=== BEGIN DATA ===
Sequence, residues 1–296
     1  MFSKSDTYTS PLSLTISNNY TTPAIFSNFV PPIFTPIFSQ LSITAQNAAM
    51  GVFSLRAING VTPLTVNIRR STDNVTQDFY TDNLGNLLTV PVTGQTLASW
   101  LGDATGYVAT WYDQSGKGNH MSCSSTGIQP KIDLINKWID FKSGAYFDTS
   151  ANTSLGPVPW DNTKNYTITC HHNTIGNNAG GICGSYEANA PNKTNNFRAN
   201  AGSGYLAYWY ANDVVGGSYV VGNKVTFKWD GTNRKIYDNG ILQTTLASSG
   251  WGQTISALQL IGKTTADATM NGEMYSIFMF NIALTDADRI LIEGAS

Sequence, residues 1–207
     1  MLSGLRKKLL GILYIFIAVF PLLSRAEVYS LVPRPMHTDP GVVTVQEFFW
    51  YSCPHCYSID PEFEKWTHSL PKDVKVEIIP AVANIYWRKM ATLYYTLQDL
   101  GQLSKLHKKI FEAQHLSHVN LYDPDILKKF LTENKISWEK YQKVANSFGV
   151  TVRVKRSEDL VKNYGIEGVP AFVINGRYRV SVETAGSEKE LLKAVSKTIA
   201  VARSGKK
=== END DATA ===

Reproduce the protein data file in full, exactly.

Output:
Sequence, residues 1–296
     1  MFSKSDTYTS PLSLTISNNY TTPAIFSNFV PPIFTPIFSQ LSITAQNAAM
    51  GVFSLRAING VTPLTVNIRR STDNVTQDFY TDNLGNLLTV PVTGQTLASW
   101  LGDATGYVAT WYDQSGKGNH MSCSSTGIQP KIDLINKWID FKSGAYFDTS
   151  ANTSLGPVPW DNTKNYTITC HHNTIGNNAG GICGSYEANA PNKTNNFRAN
   201  AGSGYLAYWY ANDVVGGSYV VGNKVTFKWD GTNRKIYDNG ILQTTLASSG
   251  WGQTISALQL IGKTTADATM NGEMYSIFMF NIALTDADRI LIEGAS

Sequence, residues 1–207
     1  MLSGLRKKLL GILYIFIAVF PLLSRAEVYS LVPRPMHTDP GVVTVQEFFW
    51  YSCPHCYSID PEFEKWTHSL PKDVKVEIIP AVANIYWRKM ATLYYTLQDL
   101  GQLSKLHKKI FEAQHLSHVN LYDPDILKKF LTENKISWEK YQKVANSFGV
   151  TVRVKRSEDL VKNYGIEGVP AFVINGRYRV SVETAGSEKE LLKAVSKTIA
   201  VARSGKK